Catriona writes: I'm delighted to welcome as a guest today Alexia Gordon, a medical doctor, a lifelong writer and a debut author, whose writing journey and work ethic is an inspiration to all. And the book is a blast too. I was lucky enough to read an early copy of MURDER IN G MAJOR and I tip my hat to the detailed exploration of place (Ireland) and theme (orchestral music), the expert juggling of a huge cast (the pupils of a school and their teachers, the orchestra, the population - alive and dead - of a village) and, most of all, the sheer fun of the (slightly bonkers) plot. I'm thrilled to have the chance to quiz Alexia about how she did it.
C: How do you write Ireland in Texas?
A: With Google. I discovered maps, train schedules, bus schedules, photos, newspapers, school calendars, school lunch menus, Irish language guides, Irish slang guides, Irish naming guides, Irish pronunciation audio files, Irish music, Irish history sites. The internet elevates armchair travel to a whole new level. Not that a virtual tour of Ireland could ever be as good as an actual tour. Which is why I treated myself to an Irish vacation to celebrate my book’s publication.
Femmes Fatales readers, If you had to write about a country absolutely outside your experience, where would your imagination take you?
C: Was writing about music tough? How did you go about it?
A: Writing about music was tough. I’m a music lover but not a musician. I had to learn a lot of the musical jargon. Classical Music for Dummies became my go-to book for technical information. I also asked musician friends for feedback. They’d tell me how a musician would refer to something as opposed to a layperson. For example, a musician would say they played percussion, not they played the drums. Spending a lot of time at the symphony helped. I had the luxury of living within walking distance of the Morton H. Meyerson Symphony Center in Dallas, Texas. I attended as many concerts as time and budget allowed. I read the notes in the program guides which helped me understand the message the composer was transmitting through music and to see how music writers described that message with words. I also took the advice of a writing instructor to think about the role music played in my story. Did it highlight an emotion? Did it provide foreshadowing? Examining the music’s function in terms of the plot and characters helped translate the sounds to words.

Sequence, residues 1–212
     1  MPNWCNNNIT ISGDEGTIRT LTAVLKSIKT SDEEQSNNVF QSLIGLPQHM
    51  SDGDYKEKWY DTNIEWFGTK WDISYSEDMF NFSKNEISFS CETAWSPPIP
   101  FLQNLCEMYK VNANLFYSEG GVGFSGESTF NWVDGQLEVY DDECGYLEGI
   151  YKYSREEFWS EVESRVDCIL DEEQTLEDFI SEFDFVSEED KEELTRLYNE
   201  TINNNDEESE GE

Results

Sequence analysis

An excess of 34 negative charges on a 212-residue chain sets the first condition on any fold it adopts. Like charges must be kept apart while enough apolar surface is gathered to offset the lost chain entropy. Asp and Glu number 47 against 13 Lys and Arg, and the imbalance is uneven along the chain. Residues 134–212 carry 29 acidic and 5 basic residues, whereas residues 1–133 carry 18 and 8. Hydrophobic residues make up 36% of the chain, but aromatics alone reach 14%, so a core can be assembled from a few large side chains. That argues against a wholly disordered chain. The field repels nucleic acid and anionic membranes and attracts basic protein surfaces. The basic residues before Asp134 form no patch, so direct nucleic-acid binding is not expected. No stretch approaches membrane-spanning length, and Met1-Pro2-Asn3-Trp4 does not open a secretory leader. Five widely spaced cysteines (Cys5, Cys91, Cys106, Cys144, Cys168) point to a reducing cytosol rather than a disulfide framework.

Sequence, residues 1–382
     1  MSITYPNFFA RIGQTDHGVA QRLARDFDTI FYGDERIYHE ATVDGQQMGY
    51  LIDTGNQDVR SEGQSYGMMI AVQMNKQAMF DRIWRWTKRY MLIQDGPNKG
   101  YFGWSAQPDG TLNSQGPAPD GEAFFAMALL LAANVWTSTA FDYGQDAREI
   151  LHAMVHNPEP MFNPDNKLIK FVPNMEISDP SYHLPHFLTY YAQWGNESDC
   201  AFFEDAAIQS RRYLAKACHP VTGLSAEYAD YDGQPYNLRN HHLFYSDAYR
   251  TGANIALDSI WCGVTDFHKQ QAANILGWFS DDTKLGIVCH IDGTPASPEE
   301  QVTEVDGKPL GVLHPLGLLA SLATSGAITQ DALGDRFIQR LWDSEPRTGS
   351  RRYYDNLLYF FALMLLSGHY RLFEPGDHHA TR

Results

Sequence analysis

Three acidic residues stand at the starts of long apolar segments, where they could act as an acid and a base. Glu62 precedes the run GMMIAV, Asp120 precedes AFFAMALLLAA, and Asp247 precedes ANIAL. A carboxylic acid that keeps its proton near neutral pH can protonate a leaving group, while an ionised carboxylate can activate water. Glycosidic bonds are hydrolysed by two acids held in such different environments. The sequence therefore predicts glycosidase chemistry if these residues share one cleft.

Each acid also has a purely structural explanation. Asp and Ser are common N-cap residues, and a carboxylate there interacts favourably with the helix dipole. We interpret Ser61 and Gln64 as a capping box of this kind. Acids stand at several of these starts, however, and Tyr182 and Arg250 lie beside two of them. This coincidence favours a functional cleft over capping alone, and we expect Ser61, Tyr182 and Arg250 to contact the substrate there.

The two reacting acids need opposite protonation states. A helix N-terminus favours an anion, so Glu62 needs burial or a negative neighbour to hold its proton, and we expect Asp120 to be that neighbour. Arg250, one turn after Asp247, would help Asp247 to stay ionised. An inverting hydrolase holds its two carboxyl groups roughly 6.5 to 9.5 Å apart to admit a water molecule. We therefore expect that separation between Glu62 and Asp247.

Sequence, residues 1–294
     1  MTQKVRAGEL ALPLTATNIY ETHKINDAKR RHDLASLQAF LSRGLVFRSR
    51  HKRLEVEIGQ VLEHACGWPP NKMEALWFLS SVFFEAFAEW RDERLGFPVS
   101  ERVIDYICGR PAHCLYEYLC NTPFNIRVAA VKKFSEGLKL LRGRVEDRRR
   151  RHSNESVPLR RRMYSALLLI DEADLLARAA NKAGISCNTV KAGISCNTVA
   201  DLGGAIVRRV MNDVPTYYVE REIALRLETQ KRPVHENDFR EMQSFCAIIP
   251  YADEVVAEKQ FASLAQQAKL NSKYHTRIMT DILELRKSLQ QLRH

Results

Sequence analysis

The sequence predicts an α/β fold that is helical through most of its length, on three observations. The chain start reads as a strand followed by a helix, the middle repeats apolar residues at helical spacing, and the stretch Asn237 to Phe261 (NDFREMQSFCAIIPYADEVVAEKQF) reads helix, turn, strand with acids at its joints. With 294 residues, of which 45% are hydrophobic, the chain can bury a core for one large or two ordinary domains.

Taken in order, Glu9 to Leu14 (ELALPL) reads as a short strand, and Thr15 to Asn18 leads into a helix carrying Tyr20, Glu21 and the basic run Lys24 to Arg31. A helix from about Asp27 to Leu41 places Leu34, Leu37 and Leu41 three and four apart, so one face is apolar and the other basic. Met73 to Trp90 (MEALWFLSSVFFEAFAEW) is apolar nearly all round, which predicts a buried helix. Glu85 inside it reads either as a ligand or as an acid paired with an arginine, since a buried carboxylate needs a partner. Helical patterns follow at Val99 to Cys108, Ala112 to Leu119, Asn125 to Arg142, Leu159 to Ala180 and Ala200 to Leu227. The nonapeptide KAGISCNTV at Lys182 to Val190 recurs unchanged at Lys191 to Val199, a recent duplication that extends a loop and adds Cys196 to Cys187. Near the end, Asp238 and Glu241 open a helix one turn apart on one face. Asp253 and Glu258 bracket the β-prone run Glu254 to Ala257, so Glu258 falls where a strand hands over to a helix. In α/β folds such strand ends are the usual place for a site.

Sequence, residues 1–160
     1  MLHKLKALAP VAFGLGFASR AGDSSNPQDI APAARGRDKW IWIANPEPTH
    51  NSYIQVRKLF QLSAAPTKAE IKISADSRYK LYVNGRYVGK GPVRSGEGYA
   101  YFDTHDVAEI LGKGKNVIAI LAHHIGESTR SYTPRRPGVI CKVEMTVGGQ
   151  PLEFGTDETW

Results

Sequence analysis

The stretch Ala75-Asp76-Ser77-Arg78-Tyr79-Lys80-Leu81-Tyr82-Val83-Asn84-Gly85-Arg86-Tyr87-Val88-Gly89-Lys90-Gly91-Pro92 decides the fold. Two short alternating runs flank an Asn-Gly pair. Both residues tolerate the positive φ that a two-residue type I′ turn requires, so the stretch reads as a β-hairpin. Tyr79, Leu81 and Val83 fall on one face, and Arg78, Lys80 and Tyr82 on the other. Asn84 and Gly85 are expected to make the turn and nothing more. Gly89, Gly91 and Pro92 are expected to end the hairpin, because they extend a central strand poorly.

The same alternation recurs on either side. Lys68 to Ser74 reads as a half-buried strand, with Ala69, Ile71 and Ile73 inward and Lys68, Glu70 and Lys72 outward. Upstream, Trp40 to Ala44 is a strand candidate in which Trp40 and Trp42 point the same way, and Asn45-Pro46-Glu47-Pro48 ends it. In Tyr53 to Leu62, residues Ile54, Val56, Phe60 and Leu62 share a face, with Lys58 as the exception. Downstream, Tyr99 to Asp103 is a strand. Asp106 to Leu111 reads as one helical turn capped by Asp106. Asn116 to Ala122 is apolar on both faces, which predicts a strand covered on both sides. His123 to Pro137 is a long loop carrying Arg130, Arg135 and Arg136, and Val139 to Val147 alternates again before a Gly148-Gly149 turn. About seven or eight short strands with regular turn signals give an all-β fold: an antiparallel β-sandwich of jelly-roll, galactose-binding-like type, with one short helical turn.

C:If you were in the pickle Gethsemane finds herself in at the start of Murder in G Major (out of work and penniless, thousands of miles from home) would you do what she did?
A: If someone stole my belongings and left me stranded I’d call my parents and ask them to loan me the money to get back home but I’d definitely be embarrassed about having to make the call. I’d blame myself for letting my guard down and not heeding my parents’ words of caution. If I made an unwise career move (as I have) I wouldn’t admit I’d made a mistake or that I regretted my decision. That would be too much like admitting failure. I’d rectify the situation on my own then tell my parents about the change afterwards, being sure to put a positive spin on the details (better location, better salary, etc.) My parents aren’t as harsh as Gethsemane’s mother and eldest sister but asking for help doesn’t come easy for me. I come from a long line of over-achieving perfectionists so failure and defeat aren’t concepts I handle well. I’m pretty hard on myself and don’t ever want to be viewed as a disappointment.
C: I'm taking that as a "yes"! Back in the real world, can you tell us about your writing journey?